If you like to trade online, or if you already do, fundamental analysis is surely one of the best tools that you could ever acquire as a retail trader. Let me explain. Words: 730
So says Bryan Sayers (www.forexfraud.com) in an article which Lorimer Wilson, editor of www.munKNEE.com, has reformatted and edited […] below for the sake of clarity and brevity to ensure a fast and easy read. (Please note that this paragraph must be included in any article re-posting to avoid copyright infringement.) Sayers goes on to say:
Fundamental vs. Technical Analysis
It is true that technical analysis offers a large selection of choices and approaches for the analysis of markets and the formulation of strategies but, in many cases, these choices are arbitrary and lack any logical foundation on economic events that clearly form the basis of almost every long-term market movement.
- market trends (see here for a description of use of these indicators)
- market momentum (see here for a description of use of these indicators) and
- market strength and volatility (see here for a description of use of these indicators)
Also, to even further understand the Patterns, Trends, Indicators and Formations of Technical Analysis read this article.]
Fundamental analysis, on the other hand, addresses this problem by focusing on the economic factors that influence the availability of funds to traders, and their emotional responses to market events. Fundamental analysis can be divided roughly into two branches:
1. economic analysis, where traders must perform calculations, examine charts, and determine overarching patterns that influence the long-term changes in markets such as interest rates, unemployment numbers, the legislation on financial issues, as well as government economic policies, and technological developments.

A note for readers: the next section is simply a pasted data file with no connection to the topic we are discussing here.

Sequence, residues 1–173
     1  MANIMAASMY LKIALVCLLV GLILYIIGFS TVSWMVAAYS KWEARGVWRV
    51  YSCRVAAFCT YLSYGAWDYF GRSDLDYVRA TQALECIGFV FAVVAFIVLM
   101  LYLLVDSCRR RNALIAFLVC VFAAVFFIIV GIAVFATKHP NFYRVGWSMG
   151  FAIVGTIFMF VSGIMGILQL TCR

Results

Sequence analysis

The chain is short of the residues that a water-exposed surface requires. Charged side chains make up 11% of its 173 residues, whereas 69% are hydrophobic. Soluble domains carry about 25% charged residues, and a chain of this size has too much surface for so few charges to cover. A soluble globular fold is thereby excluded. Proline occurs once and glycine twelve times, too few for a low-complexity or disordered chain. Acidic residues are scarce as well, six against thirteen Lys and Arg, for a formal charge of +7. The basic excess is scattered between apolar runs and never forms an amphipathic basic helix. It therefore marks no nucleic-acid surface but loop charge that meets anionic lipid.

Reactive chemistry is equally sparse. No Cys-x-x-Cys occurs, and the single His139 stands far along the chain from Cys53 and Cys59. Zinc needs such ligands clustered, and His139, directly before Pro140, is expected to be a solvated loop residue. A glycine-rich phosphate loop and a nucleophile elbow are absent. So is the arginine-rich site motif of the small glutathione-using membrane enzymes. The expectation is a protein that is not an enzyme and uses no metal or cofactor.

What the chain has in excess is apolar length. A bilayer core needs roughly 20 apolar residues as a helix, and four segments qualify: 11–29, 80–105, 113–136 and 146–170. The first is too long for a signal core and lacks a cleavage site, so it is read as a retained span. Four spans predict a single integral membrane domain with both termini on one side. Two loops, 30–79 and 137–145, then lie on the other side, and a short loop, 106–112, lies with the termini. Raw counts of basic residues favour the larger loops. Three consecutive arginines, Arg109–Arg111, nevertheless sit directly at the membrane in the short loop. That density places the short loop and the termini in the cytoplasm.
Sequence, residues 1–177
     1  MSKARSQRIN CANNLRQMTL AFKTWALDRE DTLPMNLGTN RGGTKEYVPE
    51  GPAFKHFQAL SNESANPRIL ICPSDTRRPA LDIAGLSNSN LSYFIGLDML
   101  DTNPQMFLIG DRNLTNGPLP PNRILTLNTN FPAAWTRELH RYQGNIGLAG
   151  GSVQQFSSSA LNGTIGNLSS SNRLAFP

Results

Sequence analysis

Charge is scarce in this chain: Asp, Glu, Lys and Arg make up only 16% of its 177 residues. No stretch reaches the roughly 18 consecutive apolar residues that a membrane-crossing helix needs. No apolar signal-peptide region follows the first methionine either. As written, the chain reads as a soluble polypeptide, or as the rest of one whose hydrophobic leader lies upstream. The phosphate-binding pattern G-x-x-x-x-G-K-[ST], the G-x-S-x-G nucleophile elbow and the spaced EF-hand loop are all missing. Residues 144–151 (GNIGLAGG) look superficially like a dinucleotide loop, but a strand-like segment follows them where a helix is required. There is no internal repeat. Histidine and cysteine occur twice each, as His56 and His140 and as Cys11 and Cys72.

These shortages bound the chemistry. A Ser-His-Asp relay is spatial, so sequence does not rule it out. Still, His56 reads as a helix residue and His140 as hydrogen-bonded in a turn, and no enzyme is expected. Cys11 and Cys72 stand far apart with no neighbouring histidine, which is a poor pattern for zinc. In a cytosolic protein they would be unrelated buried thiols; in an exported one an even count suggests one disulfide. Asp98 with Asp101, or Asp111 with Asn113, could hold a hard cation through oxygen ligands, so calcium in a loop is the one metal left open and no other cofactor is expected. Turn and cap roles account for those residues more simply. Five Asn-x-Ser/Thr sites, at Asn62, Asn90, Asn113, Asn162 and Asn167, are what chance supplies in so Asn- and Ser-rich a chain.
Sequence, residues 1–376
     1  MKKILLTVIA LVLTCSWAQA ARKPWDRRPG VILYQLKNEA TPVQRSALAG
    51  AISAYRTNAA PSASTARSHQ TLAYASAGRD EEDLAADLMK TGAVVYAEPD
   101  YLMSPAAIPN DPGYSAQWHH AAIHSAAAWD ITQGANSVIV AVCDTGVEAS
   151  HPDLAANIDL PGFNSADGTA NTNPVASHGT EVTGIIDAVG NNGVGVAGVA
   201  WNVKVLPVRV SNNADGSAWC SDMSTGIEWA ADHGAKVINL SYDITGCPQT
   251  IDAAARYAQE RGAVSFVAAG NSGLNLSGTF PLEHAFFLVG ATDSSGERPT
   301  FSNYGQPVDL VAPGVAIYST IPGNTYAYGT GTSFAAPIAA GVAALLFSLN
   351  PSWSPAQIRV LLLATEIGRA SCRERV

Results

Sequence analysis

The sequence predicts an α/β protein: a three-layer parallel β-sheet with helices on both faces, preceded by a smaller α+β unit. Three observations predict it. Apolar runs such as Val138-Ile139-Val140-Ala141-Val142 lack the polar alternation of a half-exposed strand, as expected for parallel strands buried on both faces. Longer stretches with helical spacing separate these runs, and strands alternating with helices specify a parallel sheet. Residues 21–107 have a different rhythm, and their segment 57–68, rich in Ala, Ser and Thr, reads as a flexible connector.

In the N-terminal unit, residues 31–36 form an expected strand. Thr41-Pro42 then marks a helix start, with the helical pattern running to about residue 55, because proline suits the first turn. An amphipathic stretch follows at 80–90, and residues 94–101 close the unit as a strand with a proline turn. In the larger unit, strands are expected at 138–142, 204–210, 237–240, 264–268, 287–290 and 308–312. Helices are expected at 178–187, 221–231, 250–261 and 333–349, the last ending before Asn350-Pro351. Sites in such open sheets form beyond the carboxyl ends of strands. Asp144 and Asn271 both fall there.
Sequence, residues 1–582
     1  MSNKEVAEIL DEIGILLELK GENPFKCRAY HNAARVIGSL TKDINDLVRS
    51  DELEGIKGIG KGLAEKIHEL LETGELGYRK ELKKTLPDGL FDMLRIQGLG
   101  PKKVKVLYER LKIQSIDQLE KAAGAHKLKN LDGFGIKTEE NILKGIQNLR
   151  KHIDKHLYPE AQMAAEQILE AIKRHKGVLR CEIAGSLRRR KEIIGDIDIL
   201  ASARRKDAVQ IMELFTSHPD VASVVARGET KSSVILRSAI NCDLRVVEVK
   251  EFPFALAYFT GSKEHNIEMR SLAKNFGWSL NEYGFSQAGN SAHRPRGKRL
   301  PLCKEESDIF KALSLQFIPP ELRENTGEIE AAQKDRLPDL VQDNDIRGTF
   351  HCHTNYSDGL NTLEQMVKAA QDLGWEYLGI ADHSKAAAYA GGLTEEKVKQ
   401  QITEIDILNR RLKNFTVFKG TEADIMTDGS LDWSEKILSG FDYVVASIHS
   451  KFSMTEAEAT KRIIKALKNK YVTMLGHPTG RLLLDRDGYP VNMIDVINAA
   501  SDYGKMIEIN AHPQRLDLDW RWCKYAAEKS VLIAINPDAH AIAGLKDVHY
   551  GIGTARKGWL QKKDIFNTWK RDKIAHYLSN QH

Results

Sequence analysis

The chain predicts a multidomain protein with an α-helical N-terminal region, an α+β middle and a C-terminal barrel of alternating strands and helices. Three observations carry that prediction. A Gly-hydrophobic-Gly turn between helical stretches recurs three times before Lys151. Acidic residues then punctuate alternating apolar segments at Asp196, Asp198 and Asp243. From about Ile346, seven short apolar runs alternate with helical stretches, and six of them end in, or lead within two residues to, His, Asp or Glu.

Sign up for FREE weekly “Top 100 Stock Index, Asset Ratio & Economic Indicators in Review“
2. the social and political aspect of analysis. Here traders must consider a large number of diverse matters that may not always be relevant at first sight, but nonetheless assume overwhelming value from time to time. Climate change, political turmoil, social events on a large scale, the evolution of cultures and beliefs over a period of time are examples in this regard.
Economic analysis often confuses traders at first sight. It is based on rather simple and general principles that almost always work as expected but with the time factor remaining highly unpredictable. The speculator George Soros, for example, was able to make great profits on some of his ambitious bets in the 70s as currency pegs collapsed but he was also handled roughly by the markets as he failed to anticipate the 1987 crash in a timely fashion. Indeed, there are many financial gurus who predict doom and gloom many times over during their careers but are only proven to be correct once or twice.
That brings me to the main weakness of fundamental analysis: it can tell us why and how some development may occur and give us a fairly good idea of its scale as well, but it is often useless in defining the timing of any event. This is due to the fact that markets act on fear or euphoria and it is exceptionally difficult to determine when these feelings lead speculators to analyze a piece of data asset and assess its value correctly.
The best forex broker will present a choice of both technical and fundamental tools to you, and even offer you a combined approach to analysis if that is what you request.
Never discard fundamental analysis just because it’s not very popular. It has worked wonders for most of its practitioners, and there is no question that you, too, may benefit from it greatly if you apply it with discipline.
- The above article consists of reformatted edited excerpts from the original for the sake of brevity, clarity and to ensure a fast and easy read. The author’s views and conclusions are unaltered.
- Permission to reprint in whole or in part is gladly granted, provided full credit is given as per paragraph 2 above.
- Sign up to receive every article posted via Twitter, Facebook, RSS Feed or our FREE Weekly Newsletter.